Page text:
Erdogan’s hope that a snap parliamentary and presidential election would easily secure him another term is in question.
Electoral upsets have become the norm. The latest upheaval that swept aside the long-standing president of Fenerbahce SC, the political crown jewel of Turkish football, has taken on added significance with Turkey heading into crucial snap elections on June 24.
The parallels between Turkish President Recep Tayyip Erdogan and his defeated ally, Aziz Yildirim, who headed Fenerbahce for more than 20 years, become even more striking given that Middle Eastern football pitches often serve as barometers of political trends. “Fenerbahce achieved change … now it’s time for big change in Turkey,” tweeted Muharrem Ince, the presidential candidate for the Republican People’s Party, the main opposition.
To be sure, Erdogan remains Turkey’s most popular politician and the undisputed frontrunner in the historic poll, which will see the country transition from a parliamentary to a presidential system. His chances are bolstered by his control of much of the media as a result of economic pressure, as well as turning Turkey into one of the world’s foremost jailers of journalists.
Yet the specter of Erdogan failing to win an unqualified majority or even losing looms for the first time since he became prime minister in 2002 and president in 2014. The president’s ruling Justice and Development Party (AKP) faces a united opposition for the first time against the backdrop of political, economic and social turmoil, electoral fatigue and a lackluster AKP election campaign. “People are not enthusiastic this time — neither us nor our voters. We are just saying the same things as before: we built a new bridge, we are building a new airport. There are no good slogans, no good songs,” the Financial Times quoted an AKP official as saying.
Yildirim was the first public figure to become embroiled in the dispute between Erdogan and exiled Islamic scholar Fethullah Gulen, whom the president accused of being behind a failed military coup in 2016. President Erdogan used the botched attempt to topple him to strengthen his grip on power by cracking down on the media; purging tens of thousands from the ranks of the bureaucracy, judiciary, military and academia; and increasingly transforming Turkey into an illiberal democracy at best.
Erdogan and Yildirim have dominated their respective spheres of influence for much of the last two decades. Yildirim ensured that his club’s traditional ties to the state became ever closer. Fenerbahce is Erdogan’s favorite team.
On June 3, Yildirim was overwhelmingly defeated by Ali Koc, a business tycoon, who in 2013 provoked Erdogan’s ire by opening his hotel on Istanbul’s iconic Taksim Square to anti-government Gezi Park protesters who were being attacked by law enforcement.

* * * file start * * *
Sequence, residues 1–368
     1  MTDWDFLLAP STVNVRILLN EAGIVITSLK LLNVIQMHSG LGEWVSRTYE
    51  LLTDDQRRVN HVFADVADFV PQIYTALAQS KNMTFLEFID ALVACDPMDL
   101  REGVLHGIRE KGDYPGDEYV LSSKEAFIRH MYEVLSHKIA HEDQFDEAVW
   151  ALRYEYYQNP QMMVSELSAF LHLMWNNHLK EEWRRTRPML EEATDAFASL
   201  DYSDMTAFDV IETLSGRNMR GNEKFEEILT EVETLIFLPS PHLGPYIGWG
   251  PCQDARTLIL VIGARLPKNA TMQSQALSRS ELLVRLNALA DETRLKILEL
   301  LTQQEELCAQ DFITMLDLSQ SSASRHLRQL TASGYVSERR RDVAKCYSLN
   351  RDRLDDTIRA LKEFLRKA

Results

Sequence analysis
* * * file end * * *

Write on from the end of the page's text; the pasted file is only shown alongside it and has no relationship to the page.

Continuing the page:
Like Erdogan, Yildirim aggressively attacks his detractors. In many ways, he believes that he is above the law and positions himself as the only candidate capable of resolving his club’s economic woes that, like Turkey itself, is mired in some $200 million of debt. And like Erdogan, Yildirim hoped that his emphasis on development and construction projects, including a new stadium and indoor gymnasium, would secure him another term. President Erdogan’s campaign harps on his massive infrastructure projects that have helped balloon Turkey’s debt to $453.2 billion.
Erdogan and Yildirim both see themselves as underdogs. In 1999, Erdogan was jailed for four months for reading a poem that was considered inflammatory. Like Erdogan, Yildirim used his imprisonment in 2012 after being implicated in Turkey’s largest match fixing scandal — which erupted as part of a battle between Erdogan and his former ally, Gulen, the scholar who leads what was one of the world’s richest Islamic movements — as a tool to garner sympathy and votes.
The election tactics failed to work for Yildirim. While his campaign built on the pork barrel politics of construction, Koc focused on the economy of the future with a team made up of information technology and product design experts as well as bankers, even if construction is one main stay of his conglomerate, the largest in Turkey. Koc Holding accounts for 10% of the country’s GDP. Similarly, Ince, the opposition candidate who started his career as a physicist, campaigns on promises of innovation. He emphasizes robotics and design and the need to enhance knowledge and upgrade critical and innovative thinking.
If the record of the past two years is any indication, voters, who have lost confidence in their political systems and leaders, produce upsets when they go to the polls. Yildirim’s defeat mirrors the defeat of traditional politicians by the likes of US President Donald Trump and populists in central and Eastern Europe. Most recently, the return of Malaysia’s Mahathir Mohamad as the world’s oldest elected head of government constituted a vote against the status quo.
Drawing conclusions from Yildirim’s defeat would be folly. But so would ignoring the message it bears. At the very least, it suggests that Erdogan’s hope that a snap parliamentary and presidential election would easily secure him another term is in question, and that he may be fighting his most difficult battle yet.
The views expressed in this article are the author’s own and do not necessarily reflect Fair Observer’s editorial policy.